If I had a penny for every time I heard ‘I’m being good’, I’d never have to work again. When I am not trying to save the world, one blog post at a time, I’m working a pretty typical office job for a relatively large retail company. I work alongside people of all ages and backgrounds – but one thing’s for certain, they’re all ‘trying to be good’.
What does ‘being good’ even mean? Well, it looks a little like this:
Ten years ago, you were probably ‘on a diet’. Be it the Atkins Diet, Slimming World shakes, Weight Watchers, cabbage soup diet… the list is endless. In 2017, you don’t go on a diet… you simply ‘be good’. Firstly, I want to break down the etymology of the phrase to ‘be good.’ To me, being a ‘good person’ is about being compassionate to others, feeling empathy, expressing gratitude and striving to improve the world around us as best we can, given the resource we have. However, the phrase ‘being good’ has taken on a whole new meaning in the world of Love Island, protein shakes and pre-holiday ‘cuts’. ‘Being good’ now simply means withholding calories with the aim of losing weight and gaining a flatter stomach.
Taking it to a psychological level, this attitude makes no sense whatsoever. Below is Maslow’s Hierarchy of Needs, which was put forward by psychologist Abraham Maslow in 1943, demonstrating what human beings require as ‘basic needs’ for survival.
Take a look at the base level, the ‘physiological needs’ are those which we require in order to stay alive every single day. This brings me to question – how has food, a basic human need, become something which people reward themselves for avoiding?
So if food is such a basic need, then why can’t we consume it in abundance? It would be hard to breathe too much air or drink too much water (it is possible, but definitely not easy to do), yet over-consumption of food is the leading cause of dozens of diseases including Type 2 Diabetes, Coronary Heart Disease, Cancer and even strokes.
The truth is, it’s the food we choose to eat that is the problem. To prove my point, I visited my local Asda in an attempt to highlight how bad this problem really is.
You could say consumers aren’t making the right choices, but making the ‘right’ choice is about education – people simply don’t know what the right choice is! It is clear from my walk around Asda that it isn’t as simple as ‘making the right choice’, food is marked as ‘high in protein’ or ‘omega 3’, but it fails to mention the casomorphin (addictive substance in dairy), mercury (toxic and present in some fish and seafood), antibiotics (used widely in all animal farming, particularly poultry), and even blood and pus (present in all dairy products).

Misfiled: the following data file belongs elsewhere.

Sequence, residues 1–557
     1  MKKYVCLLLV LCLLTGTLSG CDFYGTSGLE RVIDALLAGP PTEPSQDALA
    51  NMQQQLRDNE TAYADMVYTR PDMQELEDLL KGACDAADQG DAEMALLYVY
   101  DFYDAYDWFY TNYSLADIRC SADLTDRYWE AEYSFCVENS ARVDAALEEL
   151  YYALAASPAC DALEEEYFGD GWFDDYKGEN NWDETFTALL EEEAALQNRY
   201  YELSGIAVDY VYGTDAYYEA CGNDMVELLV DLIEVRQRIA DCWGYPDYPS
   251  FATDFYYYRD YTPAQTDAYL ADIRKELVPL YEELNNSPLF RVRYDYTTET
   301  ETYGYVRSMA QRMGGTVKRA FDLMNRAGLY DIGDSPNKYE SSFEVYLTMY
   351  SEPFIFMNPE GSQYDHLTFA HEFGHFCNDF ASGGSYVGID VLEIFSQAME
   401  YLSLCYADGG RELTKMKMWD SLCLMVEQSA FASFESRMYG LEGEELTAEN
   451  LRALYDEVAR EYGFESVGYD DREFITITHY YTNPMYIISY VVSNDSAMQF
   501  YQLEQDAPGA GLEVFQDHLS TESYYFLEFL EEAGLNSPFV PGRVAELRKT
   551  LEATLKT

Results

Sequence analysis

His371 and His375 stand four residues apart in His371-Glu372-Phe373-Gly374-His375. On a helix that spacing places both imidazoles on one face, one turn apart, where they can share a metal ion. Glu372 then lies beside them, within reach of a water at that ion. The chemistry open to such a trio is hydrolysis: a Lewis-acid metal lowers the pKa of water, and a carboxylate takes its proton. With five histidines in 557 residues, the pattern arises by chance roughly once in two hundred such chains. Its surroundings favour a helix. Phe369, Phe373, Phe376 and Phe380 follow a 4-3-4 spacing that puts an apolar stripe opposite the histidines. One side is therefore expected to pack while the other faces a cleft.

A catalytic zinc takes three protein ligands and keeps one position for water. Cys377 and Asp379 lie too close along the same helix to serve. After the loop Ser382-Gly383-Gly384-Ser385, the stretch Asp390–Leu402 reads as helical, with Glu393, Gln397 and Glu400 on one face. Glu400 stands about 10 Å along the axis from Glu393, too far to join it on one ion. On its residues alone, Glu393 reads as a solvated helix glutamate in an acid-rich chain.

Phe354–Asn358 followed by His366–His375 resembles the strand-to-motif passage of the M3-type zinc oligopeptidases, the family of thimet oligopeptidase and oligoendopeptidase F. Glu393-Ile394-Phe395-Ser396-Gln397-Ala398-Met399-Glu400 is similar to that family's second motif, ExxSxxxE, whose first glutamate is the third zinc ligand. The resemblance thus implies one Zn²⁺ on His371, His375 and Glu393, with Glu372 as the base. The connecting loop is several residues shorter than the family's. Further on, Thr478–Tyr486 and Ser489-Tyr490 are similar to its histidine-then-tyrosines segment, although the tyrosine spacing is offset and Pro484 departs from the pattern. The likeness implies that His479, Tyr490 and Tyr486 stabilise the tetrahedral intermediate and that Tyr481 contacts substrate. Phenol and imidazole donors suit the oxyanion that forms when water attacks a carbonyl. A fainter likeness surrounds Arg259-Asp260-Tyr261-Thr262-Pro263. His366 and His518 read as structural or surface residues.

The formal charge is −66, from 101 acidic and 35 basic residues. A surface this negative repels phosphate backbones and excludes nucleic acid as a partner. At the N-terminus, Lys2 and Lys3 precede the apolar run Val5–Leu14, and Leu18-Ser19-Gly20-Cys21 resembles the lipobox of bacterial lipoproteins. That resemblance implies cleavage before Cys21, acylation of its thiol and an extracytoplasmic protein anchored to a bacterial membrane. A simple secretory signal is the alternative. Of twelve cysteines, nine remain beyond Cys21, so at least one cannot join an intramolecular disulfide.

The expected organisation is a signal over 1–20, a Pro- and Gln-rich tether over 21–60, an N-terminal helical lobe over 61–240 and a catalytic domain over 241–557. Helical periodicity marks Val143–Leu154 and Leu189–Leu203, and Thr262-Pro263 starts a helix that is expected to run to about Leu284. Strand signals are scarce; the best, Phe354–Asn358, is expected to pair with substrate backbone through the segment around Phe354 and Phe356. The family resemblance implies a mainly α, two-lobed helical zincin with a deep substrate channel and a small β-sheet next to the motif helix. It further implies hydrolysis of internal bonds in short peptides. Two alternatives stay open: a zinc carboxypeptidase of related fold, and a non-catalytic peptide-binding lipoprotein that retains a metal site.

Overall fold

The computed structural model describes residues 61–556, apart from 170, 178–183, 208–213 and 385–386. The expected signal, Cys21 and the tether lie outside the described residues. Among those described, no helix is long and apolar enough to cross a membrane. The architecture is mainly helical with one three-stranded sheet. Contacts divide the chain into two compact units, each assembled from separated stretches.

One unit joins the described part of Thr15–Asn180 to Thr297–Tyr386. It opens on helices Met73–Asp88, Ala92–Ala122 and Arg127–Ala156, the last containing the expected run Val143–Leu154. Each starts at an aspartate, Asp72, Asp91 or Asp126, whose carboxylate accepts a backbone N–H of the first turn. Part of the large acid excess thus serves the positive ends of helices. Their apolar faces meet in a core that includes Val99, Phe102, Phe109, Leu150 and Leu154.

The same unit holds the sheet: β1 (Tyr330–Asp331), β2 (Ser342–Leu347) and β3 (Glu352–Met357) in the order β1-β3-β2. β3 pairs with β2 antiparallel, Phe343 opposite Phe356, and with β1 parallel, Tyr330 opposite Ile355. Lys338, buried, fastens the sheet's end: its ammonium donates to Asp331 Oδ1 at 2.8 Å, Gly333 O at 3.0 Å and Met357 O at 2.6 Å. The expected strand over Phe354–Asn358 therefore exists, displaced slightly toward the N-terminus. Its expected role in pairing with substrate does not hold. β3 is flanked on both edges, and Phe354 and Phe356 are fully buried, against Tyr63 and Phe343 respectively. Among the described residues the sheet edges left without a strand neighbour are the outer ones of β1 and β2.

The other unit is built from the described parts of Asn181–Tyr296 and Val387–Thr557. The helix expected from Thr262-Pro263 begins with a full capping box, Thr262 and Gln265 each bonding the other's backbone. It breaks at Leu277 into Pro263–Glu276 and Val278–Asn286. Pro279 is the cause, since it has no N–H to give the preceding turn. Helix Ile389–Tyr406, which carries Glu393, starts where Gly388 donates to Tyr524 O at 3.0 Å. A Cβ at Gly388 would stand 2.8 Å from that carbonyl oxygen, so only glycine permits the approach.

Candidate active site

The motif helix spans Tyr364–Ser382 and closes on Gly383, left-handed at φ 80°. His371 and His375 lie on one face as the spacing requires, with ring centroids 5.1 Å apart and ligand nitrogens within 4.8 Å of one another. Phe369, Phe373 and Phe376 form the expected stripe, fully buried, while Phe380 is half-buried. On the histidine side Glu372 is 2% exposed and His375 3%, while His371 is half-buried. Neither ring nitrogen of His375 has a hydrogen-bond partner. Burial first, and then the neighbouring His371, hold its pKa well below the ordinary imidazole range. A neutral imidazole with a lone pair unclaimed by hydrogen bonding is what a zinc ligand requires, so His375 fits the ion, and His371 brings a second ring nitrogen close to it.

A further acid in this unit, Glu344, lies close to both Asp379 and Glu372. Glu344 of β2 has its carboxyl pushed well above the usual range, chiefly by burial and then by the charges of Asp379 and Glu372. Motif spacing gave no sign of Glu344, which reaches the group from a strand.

Making the right choice is about considering what it really means to be human. Why are we on this planet? I can guarantee we are not on this planet to fill the air with noxious fumes, imprison billions of animals and bleed the planet dry of its natural resources – we are here as facilitators to keep this planet alive. As cavemen, we spent our days in search of food and water. Once we found a good source of either, we consumed in abundance – be it a flowing river or an orange tree, we’d eat and drink until we were full… because, at the end of the day, you’d never really know when the next meal would come. Sometimes the next meal would come in the form of a rabbit or a deer, and slaughtering and consuming this animal would come as a result of survival. Can you really claim you are picking up some chicken breasts in Asda in order to survive?
As the caveman eats his freshly picked fruits in abundance, so should we. The concept of ‘being good’ goes against everything this human race has strived for in its 200,000 years or so on this planet. Let’s stop ‘being good’ and start being GOOD – be kind to each other, to animals and to the planet. Consume fresh fruit and vegetables in abundance, stop counting calories and start counting gratitudes. Put life into your body, not death. You’ll feel better for it, I promise!
Thanks for reading 🙂